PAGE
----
JB tells Malawi MPs to have ‘clear conscience’ on gay laws

President Joyce Banda has emphatically said Members of Parliament (MPs) in Malawi should deliberate in the House with independent consciences, saying the recent “contentious” laws she proposed that Parliament reviews are not an exception.

The President said during a media  briefing at Mudi State Residence in the commercial capital, Blantyre on Friday,  that she is a democrat and would not be tempted to influence the legislators in any manner. Banda said she expected them to be true representatives of the people.

President Banda was commenting on concerns about decriminalizing homosexual acts which falls under the ‘Indecent Acts’ law in the penal code. She said the law, which was among five “contentious” she asked Parliament to revisit, was a source of concern by some members of the international community.

President Banda and the First Gentleman at Trade Fair on Friday before the press conference. Photo by Living Kalimanjira/Nyasa Times

“I expect the MPs to debate this and the other laws with clear consciences and not thinking about Joyce Banda. It is up to them to maintain the laws or repeal them as they are constitutionally mandated to do that,” said the President.

“The Constitution says the President shall not make, repeal or tamper with any part of the laws,” said the Head of State, adding that should the lawmakers retain the contentious law, she “will go out there and tell the international community” that Malawians are not ready for same sex marriages.

The President then addressed the issue of the death of the late President Bingu wa Mutharika. She said she had instituted a commission of inquiry, which would unearth the circumstances surrounding his sudden death.

“We want that commission of inquiry to establish whether or not there was adequate medical attention; we want to ascertain the exact date of his death because we keep on getting contradicting information; we want to know about the alleged meetings which took place during those 48 hours,” she said.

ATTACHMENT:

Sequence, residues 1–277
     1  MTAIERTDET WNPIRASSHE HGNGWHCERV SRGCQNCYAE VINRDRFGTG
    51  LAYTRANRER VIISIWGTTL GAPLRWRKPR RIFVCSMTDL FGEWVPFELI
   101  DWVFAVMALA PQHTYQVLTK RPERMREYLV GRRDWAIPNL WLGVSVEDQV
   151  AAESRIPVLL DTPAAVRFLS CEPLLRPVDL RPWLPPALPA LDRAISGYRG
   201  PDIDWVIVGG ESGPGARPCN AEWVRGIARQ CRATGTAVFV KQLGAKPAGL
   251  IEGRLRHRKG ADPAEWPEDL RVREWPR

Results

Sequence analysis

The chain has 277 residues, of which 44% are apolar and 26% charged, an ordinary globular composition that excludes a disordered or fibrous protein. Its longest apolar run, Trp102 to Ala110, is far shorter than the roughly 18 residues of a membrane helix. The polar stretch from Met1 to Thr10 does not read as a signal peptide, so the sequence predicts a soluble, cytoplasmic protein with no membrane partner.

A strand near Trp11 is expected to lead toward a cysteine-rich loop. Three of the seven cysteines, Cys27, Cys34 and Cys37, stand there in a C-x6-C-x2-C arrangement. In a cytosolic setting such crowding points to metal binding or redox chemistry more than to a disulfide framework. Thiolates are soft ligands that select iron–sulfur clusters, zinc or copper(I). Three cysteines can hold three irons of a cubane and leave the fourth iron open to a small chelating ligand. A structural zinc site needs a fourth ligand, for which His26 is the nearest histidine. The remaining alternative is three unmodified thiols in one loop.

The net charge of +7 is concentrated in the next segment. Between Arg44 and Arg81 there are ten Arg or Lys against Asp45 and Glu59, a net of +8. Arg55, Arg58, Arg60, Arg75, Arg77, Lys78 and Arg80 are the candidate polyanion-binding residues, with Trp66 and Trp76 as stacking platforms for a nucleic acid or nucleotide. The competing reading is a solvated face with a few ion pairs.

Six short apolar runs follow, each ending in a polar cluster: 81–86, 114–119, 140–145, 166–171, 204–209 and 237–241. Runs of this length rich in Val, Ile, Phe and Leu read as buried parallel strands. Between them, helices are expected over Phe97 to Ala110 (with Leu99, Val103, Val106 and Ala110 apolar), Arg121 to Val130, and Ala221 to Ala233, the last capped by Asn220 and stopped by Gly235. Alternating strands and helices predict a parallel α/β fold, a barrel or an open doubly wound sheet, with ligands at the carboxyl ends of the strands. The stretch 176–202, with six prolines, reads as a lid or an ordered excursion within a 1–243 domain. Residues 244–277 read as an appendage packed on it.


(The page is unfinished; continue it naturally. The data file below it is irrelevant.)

Banda  said Malawians had the right to know exactly what happened and that in the meantime she had chosen to remain quiet about it as the nation awaits the results of the inquiry.

She was reacting to whether she would comment on a recent statement by Chief Justice Lovemore Munlo, which distanced himself from the alleged ‘coup’ where some officials allegedly wanted to sidestep the Constitution and make the late President Mutharika’s brother, Peter, take over.

There have been  calls from various sectors of the society among them the Malawi Law Society that the six ministers who made a public announcement on April 6 that Banda, then Vice President, was not illegible for the country’s presidency should be charged of treason.

The six cabinet ministers are former Information Minister Patricia Kaliati; former Local Government Minister Henry Musa; former Health Minister Jean Kalirani; former Youth Minister Vuwa Kaunda; former Deputy Minister in the Office of President and Cabinet (OPC) Nicholas Dausi; and former Deputy Foreign Affairs Minister Kondwani Nankhumwa.

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